Expensive Lesson

130 cities across the country have something called the “living wage” ordinance meaning that certain government contractors must pay wages that meet the “livable standards” of the community.

Hayward, California is one such city with a living wage. The ordinance, passed in 1999, is as follows:

In April, the Hayward City Council approved the Hayward Living Wage Ordinance which provided that a living wage be paid to direct employees of the City of Hayward, as well as employees of certain firms contracting with the city for at least $25,000. The living wage is set at no less than $9.41 an hour if health benefits are paid to the employees, or $10.86 per hour if no such benefits are paid. (06/05) The wage will be upwardly adjusted annually in accordance with the area cost of living calculation. The contracted service categories covered under the policy are: automotive repair and maintenance, facility and building maintenance, janitorial and custodial, landscaping, laundry services, temporary personnel, pest control, security services, and social service agencies. The ordinance entitles covered workers to a minimum of 12 paid days off and 5 uncompensated days off per year. The ordinance also allows for the terms of a collective bargaining agreement to provide that said agreement may supersede the requirements of the living wage ordinance upon mutual agreement by both parties (Alameda County Central Labor Council, Hayward Democratic Club).

Unfortunately, the CINTAS Corporation did not believe that the ordinance applied to them and now they are over a million dollars poorer for it.

Specifically, Cintas argued it should not have to pay employees who worked on the contract a living wage for hours that they did not spend on the city contract. The lawsuit was filed in 2003 and was certified as a class action on behalf of 219 people who had worked in either of the two laundries from 1999 to 2003. The court found for the workers and the civil judgement amounted to $805,000 in back wages and $300,000 in interest plus attorney’s fees.

CINTAS will probably appeal. But even if the decision is reversed, the company still has many more battles ahead as the Teamsters have their eyes on CINTAS. And publicity like this doesn’t help.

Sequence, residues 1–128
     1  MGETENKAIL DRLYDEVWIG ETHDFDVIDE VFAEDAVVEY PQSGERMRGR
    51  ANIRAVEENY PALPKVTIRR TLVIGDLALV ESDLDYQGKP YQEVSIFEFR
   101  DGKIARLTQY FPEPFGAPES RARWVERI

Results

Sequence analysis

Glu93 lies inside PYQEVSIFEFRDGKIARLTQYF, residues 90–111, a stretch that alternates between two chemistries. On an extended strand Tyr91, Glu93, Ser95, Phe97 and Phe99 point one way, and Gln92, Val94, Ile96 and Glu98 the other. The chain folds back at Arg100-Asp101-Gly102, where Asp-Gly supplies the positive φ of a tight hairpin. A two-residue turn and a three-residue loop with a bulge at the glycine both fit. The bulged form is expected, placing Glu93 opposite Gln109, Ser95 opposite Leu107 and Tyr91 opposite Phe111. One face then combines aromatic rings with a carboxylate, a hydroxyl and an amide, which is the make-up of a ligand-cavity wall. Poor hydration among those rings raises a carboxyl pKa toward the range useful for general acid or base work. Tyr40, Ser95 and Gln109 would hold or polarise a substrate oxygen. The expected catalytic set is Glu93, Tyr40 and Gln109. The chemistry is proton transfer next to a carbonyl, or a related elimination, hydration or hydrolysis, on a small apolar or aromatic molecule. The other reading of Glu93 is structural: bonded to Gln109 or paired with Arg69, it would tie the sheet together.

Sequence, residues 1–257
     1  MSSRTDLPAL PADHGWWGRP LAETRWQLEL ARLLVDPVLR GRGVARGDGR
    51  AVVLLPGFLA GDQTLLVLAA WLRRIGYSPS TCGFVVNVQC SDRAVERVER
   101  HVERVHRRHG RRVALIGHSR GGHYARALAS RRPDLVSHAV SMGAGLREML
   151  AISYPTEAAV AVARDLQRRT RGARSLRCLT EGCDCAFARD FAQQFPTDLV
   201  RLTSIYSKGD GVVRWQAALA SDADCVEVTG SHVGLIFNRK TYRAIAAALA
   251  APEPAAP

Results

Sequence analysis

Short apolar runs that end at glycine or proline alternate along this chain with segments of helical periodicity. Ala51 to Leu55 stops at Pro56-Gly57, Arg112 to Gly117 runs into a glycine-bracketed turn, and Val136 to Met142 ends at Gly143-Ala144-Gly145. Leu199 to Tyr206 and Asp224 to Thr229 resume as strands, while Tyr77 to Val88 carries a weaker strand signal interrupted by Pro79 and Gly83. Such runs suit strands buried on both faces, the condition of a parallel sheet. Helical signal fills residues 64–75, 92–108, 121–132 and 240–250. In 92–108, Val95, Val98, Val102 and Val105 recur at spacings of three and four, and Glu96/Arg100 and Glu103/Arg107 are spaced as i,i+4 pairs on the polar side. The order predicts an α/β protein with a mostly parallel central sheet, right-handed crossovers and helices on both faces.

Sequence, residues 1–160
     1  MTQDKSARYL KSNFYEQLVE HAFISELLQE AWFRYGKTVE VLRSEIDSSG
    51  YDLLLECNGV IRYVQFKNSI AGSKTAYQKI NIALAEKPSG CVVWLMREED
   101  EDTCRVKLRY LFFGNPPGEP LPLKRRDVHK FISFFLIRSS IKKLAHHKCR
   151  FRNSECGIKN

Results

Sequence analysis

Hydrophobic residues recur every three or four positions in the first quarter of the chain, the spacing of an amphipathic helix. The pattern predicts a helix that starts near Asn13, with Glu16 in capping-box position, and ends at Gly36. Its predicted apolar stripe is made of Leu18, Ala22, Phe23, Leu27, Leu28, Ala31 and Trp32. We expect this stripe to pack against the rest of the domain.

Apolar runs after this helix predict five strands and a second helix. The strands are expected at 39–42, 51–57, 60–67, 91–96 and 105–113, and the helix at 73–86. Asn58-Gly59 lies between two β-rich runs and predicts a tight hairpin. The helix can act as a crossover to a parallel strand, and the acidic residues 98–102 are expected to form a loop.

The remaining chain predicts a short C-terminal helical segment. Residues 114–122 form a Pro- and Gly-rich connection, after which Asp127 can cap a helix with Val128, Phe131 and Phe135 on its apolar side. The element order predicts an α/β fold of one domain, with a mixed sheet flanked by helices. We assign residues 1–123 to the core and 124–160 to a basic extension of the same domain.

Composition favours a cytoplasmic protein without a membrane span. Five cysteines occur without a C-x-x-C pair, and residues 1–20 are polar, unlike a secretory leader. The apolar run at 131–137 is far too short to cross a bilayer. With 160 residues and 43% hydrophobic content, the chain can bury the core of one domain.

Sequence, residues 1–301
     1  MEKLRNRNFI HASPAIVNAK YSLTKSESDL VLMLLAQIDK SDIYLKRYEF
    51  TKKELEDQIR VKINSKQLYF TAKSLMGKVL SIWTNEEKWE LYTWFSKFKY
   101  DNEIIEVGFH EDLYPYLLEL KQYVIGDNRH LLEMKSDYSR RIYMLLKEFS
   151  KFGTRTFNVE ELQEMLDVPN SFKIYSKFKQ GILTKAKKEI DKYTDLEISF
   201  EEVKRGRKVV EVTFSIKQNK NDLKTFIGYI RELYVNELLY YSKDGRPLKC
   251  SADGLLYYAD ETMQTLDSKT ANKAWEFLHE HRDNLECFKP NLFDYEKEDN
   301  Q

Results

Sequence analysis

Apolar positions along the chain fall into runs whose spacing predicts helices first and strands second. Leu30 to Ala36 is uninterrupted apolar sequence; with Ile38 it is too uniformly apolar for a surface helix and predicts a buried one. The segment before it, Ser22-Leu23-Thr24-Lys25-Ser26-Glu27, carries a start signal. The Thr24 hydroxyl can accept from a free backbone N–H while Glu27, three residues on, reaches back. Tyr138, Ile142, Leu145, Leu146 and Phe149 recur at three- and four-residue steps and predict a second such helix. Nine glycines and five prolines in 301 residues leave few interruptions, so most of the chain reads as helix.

A very expensive lesson.

5 Replies to “Expensive Lesson”

  1. I worked at cintas location 646 Marianna Fl. for almost two years. In that time I never took but two days off. Monday the 20th I ask for Wednesday the 22nd off and the boss promptly told me to come in his office and shut the door. First he said nobody comes in on Monday and asks for a Wednesday off and wanted to know the reason. I told him I needed to take care of some personal business. The job I had was a sanis route which they had started about ten months ago. He told me there was no one to run the route because no one else there could work the machine. Then he went on to say that he was told he better keep his nose to the ground because I was getting ready to quit. He then said if this was the way I felt maybe it was best if we just parted ways right then. I told him I did not know where he got that all I wanted was one day off. I averaged over fifty hours a week and was the only one there who had to go to a five day work week. He went on to tell me who told him so I told him yes I was looking to start my own business but it was a ways off and I would let him know if I got close so he could find a replacement for me. I still did not get the day off, but it bothered me so much the fact that I had already lost one weeks earned vacation because of the job and now I just ask for one day off that on Thursday the 24th I walked in and told the secretary I quit. It was the happiest day of my life. Anyone who intends to go to work for Cintas had best be ware and ask workers their opinion in a sly way first. The company to me is built on lies and very deceptive practices to get the young and stupid to work for it. The particular site location I worked for only has thirteen employs and since I hired on we have gone through 28 people and now I make 29. A family oriented company it is not, work friendly enviroment not, respectfull to its employs not, and now I just heard they dropped all SSR’s pay by one hundred dollars. Most are looking to quit now and only one person has been there longer than me.
    Respectfully Submitted
    Harold Isaacs

  2. I know how you feel. I worked at Cintas loc 390 for four years and received nothing but accolades and praise…. until I began to question certain ethical issues, then alot of things changed. I went to work for a competitor, but not until I had fully researched the legalities involoved. But evidently, even though in the state of colorado non-compete contracts are void, (COLORADO STATE STATUTE 8-2-113: see at ) they are still threatening and harrassing me along with spreading lies. The sad thing is, they are probably going to get away with it. I can only do so much through the courts, but I will do it to the best of my ability. Down with the “Evil Empire”!

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